Tuesday, 20 December 2016

Five Days of Christmas Films | When Harry Met Sally (1989)

Recently I've created a few traditions for myself around the week before Christmas. Whether it's watch The X-Files Christmas episode ('How The Ghosts Stole Christmas') or pumping out the holiday tunes; I use anything and everything to accentuate my already high octane excitement for Christmas. 

This year, I seem to be more excited than ever. Whether it's from buying my own presents for family and wrapping them (badly) myself, or I can't wait to see everyone get together over Christmas Day and Boxing Day, I haven't been this excited since I was a kid. Therefore, the week before Christmas seems to be going incredibly slow for me this year. Luckily I've got some overtime at work this week to make it go quicker, but other than that I am slowly dying from excitement. 

So, I thought I'd create a new tradition: Five Days of Christmas Films. It was going to be shared alongside television and music, but film is what I associate most with the holidays. Therefore, I'm going to share my favourite Christmas films over the next 5 days with you guys, and why I love them so much.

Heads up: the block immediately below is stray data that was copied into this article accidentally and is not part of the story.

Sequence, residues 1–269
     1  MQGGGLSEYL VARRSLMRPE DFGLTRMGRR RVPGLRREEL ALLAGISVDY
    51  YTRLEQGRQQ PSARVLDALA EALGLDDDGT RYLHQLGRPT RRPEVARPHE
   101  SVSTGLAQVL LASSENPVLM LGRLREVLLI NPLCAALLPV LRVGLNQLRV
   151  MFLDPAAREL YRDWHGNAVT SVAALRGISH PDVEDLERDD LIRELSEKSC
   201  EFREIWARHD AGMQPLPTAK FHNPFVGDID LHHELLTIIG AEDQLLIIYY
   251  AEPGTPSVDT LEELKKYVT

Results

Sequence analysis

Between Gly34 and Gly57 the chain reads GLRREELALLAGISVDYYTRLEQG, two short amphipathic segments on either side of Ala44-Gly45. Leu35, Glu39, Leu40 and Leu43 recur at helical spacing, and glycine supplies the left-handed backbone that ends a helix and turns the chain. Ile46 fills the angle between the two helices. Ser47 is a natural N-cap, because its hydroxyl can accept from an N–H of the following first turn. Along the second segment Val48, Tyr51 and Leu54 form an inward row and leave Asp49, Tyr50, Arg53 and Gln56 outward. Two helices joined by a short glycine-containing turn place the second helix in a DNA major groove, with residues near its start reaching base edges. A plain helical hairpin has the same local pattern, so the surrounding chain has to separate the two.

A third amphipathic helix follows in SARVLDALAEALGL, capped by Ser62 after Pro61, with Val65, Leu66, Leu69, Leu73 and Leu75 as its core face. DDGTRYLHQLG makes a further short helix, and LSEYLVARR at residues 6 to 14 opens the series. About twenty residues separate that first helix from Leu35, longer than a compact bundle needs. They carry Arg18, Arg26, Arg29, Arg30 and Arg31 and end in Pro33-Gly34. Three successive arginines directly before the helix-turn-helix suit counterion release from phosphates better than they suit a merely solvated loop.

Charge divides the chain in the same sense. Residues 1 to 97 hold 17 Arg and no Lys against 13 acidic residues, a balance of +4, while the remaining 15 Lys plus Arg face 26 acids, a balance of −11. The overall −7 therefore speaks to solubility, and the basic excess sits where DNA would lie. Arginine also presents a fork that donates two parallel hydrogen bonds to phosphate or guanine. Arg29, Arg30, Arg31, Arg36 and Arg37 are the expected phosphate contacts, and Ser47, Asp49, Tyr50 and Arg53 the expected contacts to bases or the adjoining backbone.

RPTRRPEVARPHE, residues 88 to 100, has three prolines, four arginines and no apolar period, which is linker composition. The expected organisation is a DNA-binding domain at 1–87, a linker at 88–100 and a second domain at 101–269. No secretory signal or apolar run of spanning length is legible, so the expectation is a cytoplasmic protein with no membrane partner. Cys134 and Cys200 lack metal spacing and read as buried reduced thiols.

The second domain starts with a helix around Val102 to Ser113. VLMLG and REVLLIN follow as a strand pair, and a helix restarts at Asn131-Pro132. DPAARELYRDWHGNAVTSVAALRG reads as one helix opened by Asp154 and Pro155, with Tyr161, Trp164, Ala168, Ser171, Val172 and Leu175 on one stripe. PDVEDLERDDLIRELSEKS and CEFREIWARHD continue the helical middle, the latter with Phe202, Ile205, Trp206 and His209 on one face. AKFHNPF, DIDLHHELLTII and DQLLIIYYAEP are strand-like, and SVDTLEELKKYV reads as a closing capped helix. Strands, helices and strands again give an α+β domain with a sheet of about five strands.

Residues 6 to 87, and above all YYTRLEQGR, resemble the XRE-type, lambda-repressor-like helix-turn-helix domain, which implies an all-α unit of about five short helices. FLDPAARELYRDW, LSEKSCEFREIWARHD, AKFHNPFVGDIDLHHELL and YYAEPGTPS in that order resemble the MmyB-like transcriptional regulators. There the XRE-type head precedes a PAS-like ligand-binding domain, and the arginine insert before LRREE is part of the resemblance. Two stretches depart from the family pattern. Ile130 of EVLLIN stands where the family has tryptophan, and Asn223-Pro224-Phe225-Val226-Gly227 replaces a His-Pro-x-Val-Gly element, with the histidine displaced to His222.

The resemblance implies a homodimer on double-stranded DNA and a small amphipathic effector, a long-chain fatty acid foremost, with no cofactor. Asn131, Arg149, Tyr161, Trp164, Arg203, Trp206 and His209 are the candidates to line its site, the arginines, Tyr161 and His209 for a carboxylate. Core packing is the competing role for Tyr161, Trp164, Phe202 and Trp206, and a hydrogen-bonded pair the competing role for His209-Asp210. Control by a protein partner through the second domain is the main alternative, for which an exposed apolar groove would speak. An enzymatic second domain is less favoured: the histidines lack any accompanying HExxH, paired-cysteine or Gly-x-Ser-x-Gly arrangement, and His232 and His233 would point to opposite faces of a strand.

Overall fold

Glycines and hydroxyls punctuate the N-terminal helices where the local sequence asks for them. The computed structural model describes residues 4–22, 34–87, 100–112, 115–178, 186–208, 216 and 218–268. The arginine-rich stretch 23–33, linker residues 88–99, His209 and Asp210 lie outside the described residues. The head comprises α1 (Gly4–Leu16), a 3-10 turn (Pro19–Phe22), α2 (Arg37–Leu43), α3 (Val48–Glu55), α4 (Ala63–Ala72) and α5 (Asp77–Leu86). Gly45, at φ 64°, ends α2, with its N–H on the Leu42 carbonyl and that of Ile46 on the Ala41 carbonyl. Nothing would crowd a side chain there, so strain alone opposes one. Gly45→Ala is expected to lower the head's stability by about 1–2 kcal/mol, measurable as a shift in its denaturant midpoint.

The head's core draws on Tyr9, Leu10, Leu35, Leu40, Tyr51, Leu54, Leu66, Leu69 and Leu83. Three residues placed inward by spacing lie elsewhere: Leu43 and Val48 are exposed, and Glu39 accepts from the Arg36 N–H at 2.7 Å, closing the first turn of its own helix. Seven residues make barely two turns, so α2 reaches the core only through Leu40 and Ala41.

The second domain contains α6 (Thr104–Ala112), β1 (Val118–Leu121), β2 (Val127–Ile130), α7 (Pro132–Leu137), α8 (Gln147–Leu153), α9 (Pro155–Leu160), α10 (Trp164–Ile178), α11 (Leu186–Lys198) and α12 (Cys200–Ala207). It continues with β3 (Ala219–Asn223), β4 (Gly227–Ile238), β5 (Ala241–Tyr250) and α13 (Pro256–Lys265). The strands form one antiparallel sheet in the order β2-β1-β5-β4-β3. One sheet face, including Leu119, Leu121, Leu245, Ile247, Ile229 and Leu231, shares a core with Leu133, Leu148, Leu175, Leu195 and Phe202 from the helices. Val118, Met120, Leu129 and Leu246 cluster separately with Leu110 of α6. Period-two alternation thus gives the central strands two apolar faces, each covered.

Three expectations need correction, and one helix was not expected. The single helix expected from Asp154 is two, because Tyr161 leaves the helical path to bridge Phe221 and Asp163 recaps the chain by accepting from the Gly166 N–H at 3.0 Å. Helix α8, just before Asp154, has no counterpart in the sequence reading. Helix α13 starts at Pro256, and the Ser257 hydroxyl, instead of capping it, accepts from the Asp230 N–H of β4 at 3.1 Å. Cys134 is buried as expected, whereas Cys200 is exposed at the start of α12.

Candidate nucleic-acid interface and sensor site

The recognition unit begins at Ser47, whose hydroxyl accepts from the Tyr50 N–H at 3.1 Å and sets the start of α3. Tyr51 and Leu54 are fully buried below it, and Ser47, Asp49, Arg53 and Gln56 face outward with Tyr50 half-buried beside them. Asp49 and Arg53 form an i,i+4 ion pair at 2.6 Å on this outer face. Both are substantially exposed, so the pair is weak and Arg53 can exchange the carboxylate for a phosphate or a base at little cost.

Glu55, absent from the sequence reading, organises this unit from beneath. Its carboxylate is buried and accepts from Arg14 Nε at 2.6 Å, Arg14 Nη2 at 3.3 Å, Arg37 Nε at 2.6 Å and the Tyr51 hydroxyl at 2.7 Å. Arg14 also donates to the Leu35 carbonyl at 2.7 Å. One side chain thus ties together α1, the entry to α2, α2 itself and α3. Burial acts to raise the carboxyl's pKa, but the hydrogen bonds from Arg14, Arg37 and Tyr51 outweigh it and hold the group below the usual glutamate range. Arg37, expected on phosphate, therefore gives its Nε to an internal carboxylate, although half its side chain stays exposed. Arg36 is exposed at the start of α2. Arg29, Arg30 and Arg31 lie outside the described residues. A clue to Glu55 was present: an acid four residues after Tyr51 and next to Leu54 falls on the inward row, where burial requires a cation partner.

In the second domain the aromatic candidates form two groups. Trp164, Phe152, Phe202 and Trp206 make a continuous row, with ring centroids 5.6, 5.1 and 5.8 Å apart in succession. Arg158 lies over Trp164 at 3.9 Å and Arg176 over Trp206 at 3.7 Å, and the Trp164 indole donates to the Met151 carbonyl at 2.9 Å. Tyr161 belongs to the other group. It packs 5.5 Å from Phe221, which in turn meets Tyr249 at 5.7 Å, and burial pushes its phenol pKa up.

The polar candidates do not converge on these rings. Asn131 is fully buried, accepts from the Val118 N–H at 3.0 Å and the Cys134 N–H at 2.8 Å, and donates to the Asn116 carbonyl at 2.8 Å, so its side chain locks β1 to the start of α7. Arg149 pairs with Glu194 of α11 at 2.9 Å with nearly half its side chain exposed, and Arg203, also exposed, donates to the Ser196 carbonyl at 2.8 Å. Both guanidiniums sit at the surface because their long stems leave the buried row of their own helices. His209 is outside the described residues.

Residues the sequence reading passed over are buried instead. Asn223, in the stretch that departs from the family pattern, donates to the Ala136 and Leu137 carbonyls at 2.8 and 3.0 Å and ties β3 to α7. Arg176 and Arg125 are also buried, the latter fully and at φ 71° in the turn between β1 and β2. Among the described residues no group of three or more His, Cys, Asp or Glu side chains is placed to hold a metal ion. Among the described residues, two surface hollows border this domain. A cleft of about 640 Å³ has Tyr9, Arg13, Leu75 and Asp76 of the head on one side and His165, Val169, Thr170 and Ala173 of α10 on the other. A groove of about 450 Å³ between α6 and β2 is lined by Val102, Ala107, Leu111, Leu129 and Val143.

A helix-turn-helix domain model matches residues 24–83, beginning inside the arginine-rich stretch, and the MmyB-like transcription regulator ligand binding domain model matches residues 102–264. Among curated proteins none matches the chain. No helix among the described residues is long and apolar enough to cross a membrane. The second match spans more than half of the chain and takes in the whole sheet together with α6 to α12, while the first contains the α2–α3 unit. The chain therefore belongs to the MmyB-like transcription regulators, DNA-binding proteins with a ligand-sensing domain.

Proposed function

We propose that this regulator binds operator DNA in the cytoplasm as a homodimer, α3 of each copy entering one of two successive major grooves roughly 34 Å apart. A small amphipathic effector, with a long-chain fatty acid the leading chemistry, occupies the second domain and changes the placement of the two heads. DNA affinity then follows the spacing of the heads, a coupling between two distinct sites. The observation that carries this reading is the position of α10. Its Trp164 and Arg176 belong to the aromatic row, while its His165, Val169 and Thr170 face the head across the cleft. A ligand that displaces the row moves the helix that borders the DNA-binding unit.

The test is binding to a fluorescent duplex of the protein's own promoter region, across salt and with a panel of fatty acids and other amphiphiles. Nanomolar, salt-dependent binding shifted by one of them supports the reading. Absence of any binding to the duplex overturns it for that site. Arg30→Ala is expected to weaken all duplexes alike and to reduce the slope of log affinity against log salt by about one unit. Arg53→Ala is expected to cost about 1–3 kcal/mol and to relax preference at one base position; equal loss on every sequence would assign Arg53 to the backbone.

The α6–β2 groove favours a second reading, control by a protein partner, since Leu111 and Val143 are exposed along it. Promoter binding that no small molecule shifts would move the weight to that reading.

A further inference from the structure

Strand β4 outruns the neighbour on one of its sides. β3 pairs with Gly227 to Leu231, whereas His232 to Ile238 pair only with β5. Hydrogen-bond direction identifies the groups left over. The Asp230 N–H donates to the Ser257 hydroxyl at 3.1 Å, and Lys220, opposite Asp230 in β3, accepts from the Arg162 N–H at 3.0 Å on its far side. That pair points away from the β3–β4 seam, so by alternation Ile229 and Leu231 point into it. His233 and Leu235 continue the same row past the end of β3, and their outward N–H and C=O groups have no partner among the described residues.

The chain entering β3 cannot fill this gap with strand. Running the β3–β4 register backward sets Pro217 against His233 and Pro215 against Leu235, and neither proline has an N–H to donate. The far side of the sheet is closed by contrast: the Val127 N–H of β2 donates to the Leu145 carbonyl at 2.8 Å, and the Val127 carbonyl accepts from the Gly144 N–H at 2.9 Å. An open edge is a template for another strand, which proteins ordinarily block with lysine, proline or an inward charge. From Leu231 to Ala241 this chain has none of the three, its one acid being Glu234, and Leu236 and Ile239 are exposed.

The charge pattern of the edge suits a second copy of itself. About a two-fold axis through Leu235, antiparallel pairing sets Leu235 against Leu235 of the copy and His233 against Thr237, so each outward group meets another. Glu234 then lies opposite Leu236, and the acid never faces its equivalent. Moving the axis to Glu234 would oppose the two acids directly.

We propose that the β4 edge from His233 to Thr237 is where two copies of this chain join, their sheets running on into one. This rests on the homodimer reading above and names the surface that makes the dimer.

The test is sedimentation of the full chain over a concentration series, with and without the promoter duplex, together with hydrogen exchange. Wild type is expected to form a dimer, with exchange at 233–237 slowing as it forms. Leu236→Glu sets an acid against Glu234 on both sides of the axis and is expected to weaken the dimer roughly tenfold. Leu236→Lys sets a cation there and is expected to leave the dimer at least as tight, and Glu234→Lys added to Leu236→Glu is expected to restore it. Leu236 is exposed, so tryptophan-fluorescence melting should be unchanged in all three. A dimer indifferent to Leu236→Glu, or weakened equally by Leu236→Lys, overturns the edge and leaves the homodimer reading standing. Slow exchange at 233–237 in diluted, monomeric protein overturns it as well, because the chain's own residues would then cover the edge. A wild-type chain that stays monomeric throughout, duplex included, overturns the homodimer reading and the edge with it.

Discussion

Not essentially a Christmas film, I always find myself watching When Harry Met Sally. The film follows Harry Burns (Billy Crystal) and Sally Albright (Meg Ryan) through the seasons - and subsequent years - showcasing the different levels of their growing relationship. The film tends to focus on more so on autumn and winter, making it the perfect film to watch in the run up to Christmas. 

Not only that, When Harry Met Sally is one of my favourite films, period. With the comedic-prowess of director Rob Reiner, alongside the undeniable and believable chemistry between Ryan and Crystal, and Nora Ephron's fantastic screenplay. The film navigates the realistic depiction of relationships in adulthood, especially that of a man and a woman being best friends without wanting (or having) sex. 

When Harry Met Sally is probably my favourite screenplay in film. I can't think of any others that encapsulate the sheer amount of dialogue between Harry and Sally. The majority of the film is made up of conversations between Harry and Sally, which you don't realise due to the talent and realism set between Ryan and Crystal. The film is soley about the relationship between the two - and those around them - and no one else within New York; not even their immediate families. 

Below is my favourite scene in the film. The scene showcases everything mentioned above, and makes me bust out laughing every single time I watch it. 

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